“There’s actually a lot of green,” he noticed. “It’s actually a fertile place. I was completely ignorant about Afghanistan … but coming here I expected desert and I’m finding kind of fertile areas that congregate around a river valley.”
“Ignorance breeds hate, and I was ignorant about it. And now I see that not everybody is bad, some people are just like you and I. They just want to get on with their lives peacefully, and it’s enjoyable to watch these people and how resourceful they are to just kind of like work what they have.”
“They don’t have trellises for grapes or high-speed areas to process their stuff—they make everything they have,” he observed. “A bridge across the water isn’t some concrete pillars and planks. It’s roots and mud, it’s sticks and stuff. They’re very ingenious, and they’re very resourceful.”
“To be honest, my previous military experience was a lot different from this,” Moreno observed. “When we rolled into Bosnia, there was nothing established. We rolled into a muddy field, set up concertina wire, filled sandbags, built bunkers, built towers, we were really self-sufficient. We did everything pretty much on our own. It prepared me in that I was prepared for how bad it could be.”
“Here, it was kind of like coming to a catered party,” Moreno described. “There’s no mud, we have air conditioned and heated tents, there isn’t really a lot of suffering involved in the day-to-day stuff that we’re doing here.”
Family and friends back home have been supportive, according to Moreno.
“My family has been exceptionally supportive,” he noted. “For my wife, it’s new. We weren’t married when I was in the military before, so she’s learning. She’s really smart, my wife. She is able to adapt really quickly to what a situation requires—she kind of knows what to and what not to listen to.”
“My mom, you know, a mom’s a mom. She’s definitely worried for her son and the rest of us, and sees any war as negative, and wants us all home,” Moreno continued.
“Oh my gosh, they send me packages,” Moreno added with an excited smile. “That’s another new thing…the difference between my active experience and this is the technology, and care packages and things like that.”
“Before, I didn’t really get care packages. I’d get letters and stuff, and it was nice to get letters,” he recalled. “Now I get care packages, and I don’t get letters very much. They have Skype, phones, and they have Facebook, and all these internet media that we really didn’t back then.”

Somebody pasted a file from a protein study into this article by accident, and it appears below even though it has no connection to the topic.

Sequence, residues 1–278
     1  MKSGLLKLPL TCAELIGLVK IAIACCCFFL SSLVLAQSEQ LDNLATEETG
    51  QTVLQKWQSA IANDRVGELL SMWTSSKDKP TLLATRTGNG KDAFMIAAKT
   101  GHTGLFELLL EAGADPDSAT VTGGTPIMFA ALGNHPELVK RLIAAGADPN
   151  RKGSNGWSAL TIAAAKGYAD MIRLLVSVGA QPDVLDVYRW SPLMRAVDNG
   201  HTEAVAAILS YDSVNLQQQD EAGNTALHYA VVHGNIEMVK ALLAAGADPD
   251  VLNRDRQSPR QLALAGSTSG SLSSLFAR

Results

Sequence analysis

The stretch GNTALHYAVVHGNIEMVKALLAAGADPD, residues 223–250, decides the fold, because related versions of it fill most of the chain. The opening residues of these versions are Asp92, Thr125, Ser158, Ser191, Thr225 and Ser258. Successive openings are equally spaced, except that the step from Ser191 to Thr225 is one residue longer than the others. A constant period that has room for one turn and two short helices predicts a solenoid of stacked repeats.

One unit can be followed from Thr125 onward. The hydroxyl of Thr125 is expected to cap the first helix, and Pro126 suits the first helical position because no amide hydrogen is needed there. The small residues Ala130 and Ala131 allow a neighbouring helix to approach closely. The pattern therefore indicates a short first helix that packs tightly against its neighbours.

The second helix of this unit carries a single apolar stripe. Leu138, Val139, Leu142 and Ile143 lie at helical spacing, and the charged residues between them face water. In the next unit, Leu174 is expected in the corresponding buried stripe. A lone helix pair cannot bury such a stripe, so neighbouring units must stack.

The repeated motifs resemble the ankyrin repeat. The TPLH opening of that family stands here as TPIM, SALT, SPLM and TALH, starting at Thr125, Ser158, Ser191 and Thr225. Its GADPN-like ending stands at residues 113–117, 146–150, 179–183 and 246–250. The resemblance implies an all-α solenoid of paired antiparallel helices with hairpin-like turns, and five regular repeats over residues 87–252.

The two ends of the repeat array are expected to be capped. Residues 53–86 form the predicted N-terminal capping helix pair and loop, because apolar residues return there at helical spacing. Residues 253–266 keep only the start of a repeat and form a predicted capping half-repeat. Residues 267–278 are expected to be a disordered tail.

Moreno reflected on how his peers have helped him get through the deployment so far.
“That’s one thing I love about the military is that you always have brothers no matter what,” he said. “And it’s always diverse. If I’m feeling vulnerable, there’s a person I’ll go talk to that I know won’t put me down or take advantage of the fact that I’m like ‘hey man, I’m feeling weak.’ Or if there’s someone I want to joke around with, he’s there. There’s always a multitude of people and personalities you can go and talk to.”
“Being with this hodge-podge group, there’s a lot of stories that you can get to know people and find out where they came from and who they are. I really like that, too–just learning about people and what they’ve come up through,” Moreno continued.
“I met him [Moreno] at our very first drill,” said Lawrenceburg, Ky.’s Sgt. Bobby Sizemore. “My first impression of him was that he was a little different.”
“He wasn’t exactly the type of guy that I’m used to because I know he’s got a lot of vast experience,” Sizemore described. “Since then, we just started to click, so we’ve become good friends.”
“Before we left, me and my wife, Moreno and his wife—we also had Sergeant Randy Sewell and his wife, we all went out to dinner together,” Sizemore continued. “We were actually able to bond, our wives were able to meet, and that has created that support back home. Our wives stayed in touch, so it was just a good thing. They all get along really good.”
“Moreno’s very, very, very goal oriented,” Sizemore observed. “Once he sets his mind to something, he goes after it, and that’s inspiring. There’s so many people today that give up so easy when they don’t get what they want. I admire him for never giving up.”
“He’s got a big heart, and he cares for people,” Sizemore added. “That’s another inspiring feature about Sgt. Moreno, is just that he’s a good person overall.”
“Me and him, we’ve shared so much that he’s like a brother to me now,” Sizemore said. “He’s one of those guys that when you’re having a bad day, you can go to and talk to, and more times than most, he’s going to put a smile on your face.”
“He’ll be a lifelong friend. We’ve shared a lot of good things, a lot of bad times,” Sizemore added.
From California to Kentucky and Afghanistan, one could say the complicated journey continues for Sgt. Moreno and his many trades.